This answer aims to add to, rather than replace, those which have already been posted. I also wish to distance my comments from issues of mask-wearing and COVID. I acknowledge they are realities of your current situation, but I think there's value in discussing your question in the context of a return to relative normality.
Exhaustion is technically an absolute condition, so it can be useful to employ the word 'fatigue' instead.
We tend to measure exhaustion against the most fatigue we've ever experienced. When we think about exhaustion, it is natural to remember the occasion upon which we have been most tired (for example, in the final stages of a first half-marathon), and find it difficult to conceive of being able to function in an even slightly more fatigued state.
But, as is routinely demonstrated to military recruits, we rarely push ourselves to the extremes to which we are capable. The hurdle is largely psychological. When an activity is voluntary (such as the half-marathon), we find ourselves continually at war with the knowledge that there is nothing compelling us to continue.
Military training, on the other hand, assumes the responsibility of preparing soldiers for circumstances in which any decision to quit will likely result in permanent injury, imprisonment, torture and/or death.
If you speak to anyone who has had the good/bad fortune to experience such training, they will likely relate an incredulity at just how far they were able to push themselves.
So, whilst I mean in no way to diminish your efforts thus far, or to assume you have not pushed yourself to a similar degree, it is quite possible that - despite your experience of relative exhaustion - you have not come close to your limits.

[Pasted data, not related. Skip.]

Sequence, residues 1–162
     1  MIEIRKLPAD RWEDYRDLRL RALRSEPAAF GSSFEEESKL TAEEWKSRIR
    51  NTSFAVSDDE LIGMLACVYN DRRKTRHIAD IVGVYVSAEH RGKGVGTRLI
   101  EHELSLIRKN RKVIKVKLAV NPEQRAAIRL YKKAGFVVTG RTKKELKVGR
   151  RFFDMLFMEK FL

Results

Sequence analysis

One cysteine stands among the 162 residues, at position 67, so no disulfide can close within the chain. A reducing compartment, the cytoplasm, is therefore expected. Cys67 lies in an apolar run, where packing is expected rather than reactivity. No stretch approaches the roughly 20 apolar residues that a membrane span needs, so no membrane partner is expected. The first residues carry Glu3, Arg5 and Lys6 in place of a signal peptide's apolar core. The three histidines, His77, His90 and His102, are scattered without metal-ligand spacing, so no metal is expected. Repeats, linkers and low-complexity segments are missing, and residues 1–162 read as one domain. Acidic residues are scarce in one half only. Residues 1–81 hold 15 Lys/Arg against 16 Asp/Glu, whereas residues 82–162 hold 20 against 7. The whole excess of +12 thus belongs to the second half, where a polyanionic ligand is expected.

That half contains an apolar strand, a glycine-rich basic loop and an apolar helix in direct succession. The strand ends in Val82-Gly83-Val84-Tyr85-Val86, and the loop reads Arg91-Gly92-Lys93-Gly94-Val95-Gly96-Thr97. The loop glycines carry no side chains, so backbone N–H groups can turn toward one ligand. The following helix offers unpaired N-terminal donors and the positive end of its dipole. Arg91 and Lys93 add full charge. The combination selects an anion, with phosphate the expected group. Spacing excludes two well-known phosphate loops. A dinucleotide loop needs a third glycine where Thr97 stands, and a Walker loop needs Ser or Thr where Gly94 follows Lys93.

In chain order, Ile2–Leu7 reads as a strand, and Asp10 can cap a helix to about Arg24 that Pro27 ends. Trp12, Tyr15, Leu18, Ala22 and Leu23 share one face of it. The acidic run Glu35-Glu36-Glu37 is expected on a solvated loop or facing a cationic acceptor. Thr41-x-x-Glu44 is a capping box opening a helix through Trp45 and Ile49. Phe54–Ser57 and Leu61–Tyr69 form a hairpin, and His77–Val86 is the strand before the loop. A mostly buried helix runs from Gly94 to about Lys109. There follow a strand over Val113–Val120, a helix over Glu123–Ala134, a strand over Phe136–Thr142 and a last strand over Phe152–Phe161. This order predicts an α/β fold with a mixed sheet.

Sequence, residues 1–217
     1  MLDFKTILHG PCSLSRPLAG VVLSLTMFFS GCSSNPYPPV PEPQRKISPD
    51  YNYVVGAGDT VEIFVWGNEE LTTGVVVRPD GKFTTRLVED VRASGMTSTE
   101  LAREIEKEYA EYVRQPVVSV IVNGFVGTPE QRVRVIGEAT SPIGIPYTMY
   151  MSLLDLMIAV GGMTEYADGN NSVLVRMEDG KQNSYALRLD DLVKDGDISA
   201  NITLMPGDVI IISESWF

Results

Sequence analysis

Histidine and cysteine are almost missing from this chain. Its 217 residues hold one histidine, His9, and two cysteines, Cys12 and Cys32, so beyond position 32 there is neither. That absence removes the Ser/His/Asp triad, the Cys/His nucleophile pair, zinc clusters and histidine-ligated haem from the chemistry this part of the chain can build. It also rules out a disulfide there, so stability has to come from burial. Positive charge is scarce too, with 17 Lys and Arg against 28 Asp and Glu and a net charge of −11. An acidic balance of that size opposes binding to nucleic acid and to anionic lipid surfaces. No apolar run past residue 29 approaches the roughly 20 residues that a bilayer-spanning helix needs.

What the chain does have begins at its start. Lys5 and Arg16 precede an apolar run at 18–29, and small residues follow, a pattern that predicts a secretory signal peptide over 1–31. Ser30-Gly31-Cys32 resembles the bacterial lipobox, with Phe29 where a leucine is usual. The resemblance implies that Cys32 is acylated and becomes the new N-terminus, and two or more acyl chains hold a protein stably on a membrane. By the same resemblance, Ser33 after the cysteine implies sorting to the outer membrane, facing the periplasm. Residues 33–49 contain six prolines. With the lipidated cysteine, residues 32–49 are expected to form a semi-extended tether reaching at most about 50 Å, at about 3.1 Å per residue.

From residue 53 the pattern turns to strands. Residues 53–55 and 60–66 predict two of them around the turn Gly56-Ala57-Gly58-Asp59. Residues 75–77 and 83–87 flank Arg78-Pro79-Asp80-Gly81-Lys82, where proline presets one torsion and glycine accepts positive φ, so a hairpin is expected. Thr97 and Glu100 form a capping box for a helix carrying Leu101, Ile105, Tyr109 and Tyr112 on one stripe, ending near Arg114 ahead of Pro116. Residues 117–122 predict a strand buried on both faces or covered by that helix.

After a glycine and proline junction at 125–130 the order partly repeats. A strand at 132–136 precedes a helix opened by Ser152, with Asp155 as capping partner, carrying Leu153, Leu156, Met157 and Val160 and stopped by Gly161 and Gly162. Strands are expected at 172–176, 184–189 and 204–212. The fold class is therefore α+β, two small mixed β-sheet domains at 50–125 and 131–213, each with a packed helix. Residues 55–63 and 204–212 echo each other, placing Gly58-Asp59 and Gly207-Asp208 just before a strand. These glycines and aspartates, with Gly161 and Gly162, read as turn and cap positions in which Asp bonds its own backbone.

Please however heed this warning. I am not posting this with the intent of motivating you to push yourself to ridiculous levels. Exertion of this sort must only ever be done with the full knowledge of a well-trained supervisor or team of supervisors. It comes with a range of risks, including a much higher likelihood of injury, reinforcement of poor technique, possible heart failure and dangerous levels of dehydration.
It is not wise to push yourself to such an extent on a regular basis. Such effort is actually deleterious to the body and requires far greater than normal recovery time. The purpose of occasional maximal efforts is to educate you as to how far you might push yourself should you ever need to.
Even elite fighters (at least those with experienced trainers) during a fight preparation phase rarely push themselves this far with any regularity. Like all forms of training, aerobic and muscular endurance training is best achieved via gradual progression with scheduled 'deloading' phases, so that the body adapts safely to the increasing demands to which you are subjecting it.
If your teacher is routinely pushing you to levels at which you are experiencing a significant loss of co-ordination, mental acuity, and body water content, and at which you are experiencing nausea and dizziness, I suspect you may be pushed (or you are pushing yourself) too far, too often.